Tebow era comes to whimpering close in New York

Ill-conceived from the start, poorly executed to the end and completely mismanaged at every turn, the Tim Tebow era in New York has come to a whimpering — and merciful — end.

A little more than a year after Tebow was welcomed to the Jets with a news conference so crowded that it had to be held in the team’s gargantuan field house, the news of Tebow’s release came in a three-paragraph news release that was emailed to the media early Monday morning, just after the Jets had informed Tebow of their decision.

It was the end of yet another foolhardy move by a franchise filled with them over much of the recent past. Tebow was never a good fit to begin with, even though it was unanimously decided by team owner Woody Johnson, general manager Mike Tannenbaum, coach Rex Ryan and offensive coordinator Tony Sparano that there was plenty of upside to the Wildcat quarterback.

Their logic went as follows: Let’s bring in a player with a unique skill set, a guy who can offer a changeup to Mark Sanchez’s pocket-passer style to throw opposing defenses off and create a unique dynamic for the Jets’ moribund offense. But their calculations failed to take into account the potential damage it would do to Sanchez, who was jittery to begin with after a turnover-filled 2011 season in which the Jets flamed out down the stretch to finish 8-8. The group also failed to grasp just how much of a distraction that Tebow would become, especially after he had captured the imagination of the country with his remarkable run to the playoffs with Denver the year before he was traded.

Miscast from the outset, the Jets never found a consistent spot for Tebow, mostly because Sparano, who was calling plays full-time for the first time in his NFL career, didn’t know when to use him. How often would we see Tebow come in after Sanchez had completed a big pass downfield, only to stall on the next play and completely interrupt any rhythm Sanchez might have created.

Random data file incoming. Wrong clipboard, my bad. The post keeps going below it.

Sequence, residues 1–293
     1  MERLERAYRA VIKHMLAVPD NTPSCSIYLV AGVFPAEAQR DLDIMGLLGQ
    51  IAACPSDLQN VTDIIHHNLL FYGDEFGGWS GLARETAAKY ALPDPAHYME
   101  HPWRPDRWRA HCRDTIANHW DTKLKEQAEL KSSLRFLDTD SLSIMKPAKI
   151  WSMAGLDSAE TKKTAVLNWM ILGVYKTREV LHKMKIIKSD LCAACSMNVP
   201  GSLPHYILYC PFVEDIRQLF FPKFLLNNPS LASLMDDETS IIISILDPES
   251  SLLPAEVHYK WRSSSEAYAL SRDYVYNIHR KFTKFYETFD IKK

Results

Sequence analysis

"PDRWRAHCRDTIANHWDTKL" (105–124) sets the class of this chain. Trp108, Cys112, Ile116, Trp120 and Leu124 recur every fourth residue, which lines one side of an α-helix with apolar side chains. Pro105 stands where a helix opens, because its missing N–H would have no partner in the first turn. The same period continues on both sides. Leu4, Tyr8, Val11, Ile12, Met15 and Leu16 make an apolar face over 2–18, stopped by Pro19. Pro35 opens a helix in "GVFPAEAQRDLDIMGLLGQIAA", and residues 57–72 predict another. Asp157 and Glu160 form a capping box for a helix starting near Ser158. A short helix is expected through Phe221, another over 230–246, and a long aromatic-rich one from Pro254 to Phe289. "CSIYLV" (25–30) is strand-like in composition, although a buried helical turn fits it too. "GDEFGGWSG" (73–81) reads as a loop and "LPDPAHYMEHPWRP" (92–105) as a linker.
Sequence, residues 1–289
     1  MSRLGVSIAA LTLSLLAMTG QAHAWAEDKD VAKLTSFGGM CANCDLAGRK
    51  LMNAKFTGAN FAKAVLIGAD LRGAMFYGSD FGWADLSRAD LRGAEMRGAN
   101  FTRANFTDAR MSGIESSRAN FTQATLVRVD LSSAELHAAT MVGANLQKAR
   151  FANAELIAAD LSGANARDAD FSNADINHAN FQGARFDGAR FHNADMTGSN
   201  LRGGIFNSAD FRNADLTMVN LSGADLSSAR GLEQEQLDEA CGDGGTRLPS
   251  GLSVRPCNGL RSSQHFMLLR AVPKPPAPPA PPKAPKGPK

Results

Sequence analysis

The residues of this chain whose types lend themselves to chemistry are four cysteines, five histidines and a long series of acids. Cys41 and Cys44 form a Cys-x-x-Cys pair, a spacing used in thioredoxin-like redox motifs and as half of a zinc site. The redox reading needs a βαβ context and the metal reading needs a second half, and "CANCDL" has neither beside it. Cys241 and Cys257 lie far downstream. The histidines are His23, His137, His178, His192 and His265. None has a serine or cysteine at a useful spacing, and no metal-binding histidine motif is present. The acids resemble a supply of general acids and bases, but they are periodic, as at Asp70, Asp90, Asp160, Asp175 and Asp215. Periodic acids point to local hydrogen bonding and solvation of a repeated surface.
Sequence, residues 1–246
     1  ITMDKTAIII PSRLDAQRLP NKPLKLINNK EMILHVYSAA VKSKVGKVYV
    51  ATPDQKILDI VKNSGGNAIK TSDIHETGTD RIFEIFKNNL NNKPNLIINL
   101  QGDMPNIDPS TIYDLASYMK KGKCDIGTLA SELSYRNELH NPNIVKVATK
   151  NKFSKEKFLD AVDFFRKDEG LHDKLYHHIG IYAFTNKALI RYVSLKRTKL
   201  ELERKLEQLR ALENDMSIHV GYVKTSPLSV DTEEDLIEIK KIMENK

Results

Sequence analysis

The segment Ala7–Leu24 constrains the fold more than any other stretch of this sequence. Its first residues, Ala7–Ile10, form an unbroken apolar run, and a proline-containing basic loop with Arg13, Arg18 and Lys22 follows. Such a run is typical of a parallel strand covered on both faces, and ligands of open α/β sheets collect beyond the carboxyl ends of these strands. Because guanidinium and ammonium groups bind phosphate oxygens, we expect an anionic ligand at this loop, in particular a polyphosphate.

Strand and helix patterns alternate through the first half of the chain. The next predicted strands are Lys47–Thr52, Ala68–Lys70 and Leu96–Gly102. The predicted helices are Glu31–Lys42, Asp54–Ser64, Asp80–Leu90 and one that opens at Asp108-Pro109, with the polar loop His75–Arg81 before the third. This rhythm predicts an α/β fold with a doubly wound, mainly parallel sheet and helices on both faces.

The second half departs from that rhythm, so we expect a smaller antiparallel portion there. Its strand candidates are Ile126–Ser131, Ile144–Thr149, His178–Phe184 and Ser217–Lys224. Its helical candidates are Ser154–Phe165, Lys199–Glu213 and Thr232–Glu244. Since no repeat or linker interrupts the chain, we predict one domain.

Not only did Sparano fail to develop a meaningful role for Tebow, who amounted to little more than window dressing for an offense that grew more pathetic by the week, but Sanchez’s confidence had shattered by the end of the season. Even when Ryan finally pulled the plug on Sanchez as the starter, he didn’t turn to Tebow, who had been proclaimed as Sanchez’s primary backup throughout the season. He turned to third-stringer Greg McElroy, a sure sign that Tebow’s days with the Jets were over.

The craziness started from Day 1 in training camp, when ESPN provided minute-by-minute coverage of Tebow. Never seen anything like it before. You actually had live shots of training camp drills, and there were daily reports from Sal Paolantonio about what Tebow did, how the coaches felt about him, and what the Jets planned to do with him.

In all, Tebow attempted just eight passes and had 32 rushing attempts. So he touched the ball less than three times per game, on average. It was a laughable misuse of the quarterback, further underscoring why the move was a mistake from the start.

Newly hired general manager John Idzik was left to clean up the mess, and he completed that task yesterday. Idzik had initially kept his plans with Tebow close to the vest, making it appear the Jets were intent on keeping him into training camp. What he was really doing was trying to recoup some of the draft-pick damage incurred in dealing for Tebow with one final attempt to get something in return. The Jets had surrendered fourth- and sixth-round picks for Tebow, and Idzik waited to see if he could get something in return by offering him up for trade.

No one bit.

Not a surprise, considering there was no meaningful market for Tebow. After all, what team is going to give up a draft pick — even a seventh-rounder — for a player they’re not sure can be a successful quarterback at this level? Even that miracle run with the Broncos in 2011, when he took over from Kyle Orton and got Denver to the playoffs, didn’t do enough to convince teams that Tebow could be a capable long-term quarterback.

Tebowmania has finally run its course, a failed one-year experiment that went hopelessly awry and kept the Jets that much further from turning into a respectable football operation. Time to take down the circus tent and get on to the business of running a team like it’s supposed to be run.